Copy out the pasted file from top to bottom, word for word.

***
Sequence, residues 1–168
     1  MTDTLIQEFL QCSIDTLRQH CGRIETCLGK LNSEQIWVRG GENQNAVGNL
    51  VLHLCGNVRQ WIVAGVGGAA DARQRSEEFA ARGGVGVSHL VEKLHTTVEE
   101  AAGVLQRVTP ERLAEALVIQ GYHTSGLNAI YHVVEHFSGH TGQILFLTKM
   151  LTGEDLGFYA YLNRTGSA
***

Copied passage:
Sequence, residues 1–168
     1  MTDTLIQEFL QCSIDTLRQH CGRIETCLGK LNSEQIWVRG GENQNAVGNL
    51  VLHLCGNVRQ WIVAGVGGAA DARQRSEEFA ARGGVGVSHL VEKLHTTVEE
   101  AAGVLQRVTP ERLAEALVIQ GYHTSGLNAI YHVVEHFSGH TGQILFLTKM
   151  LTGEDLGFYA YLNRTGSA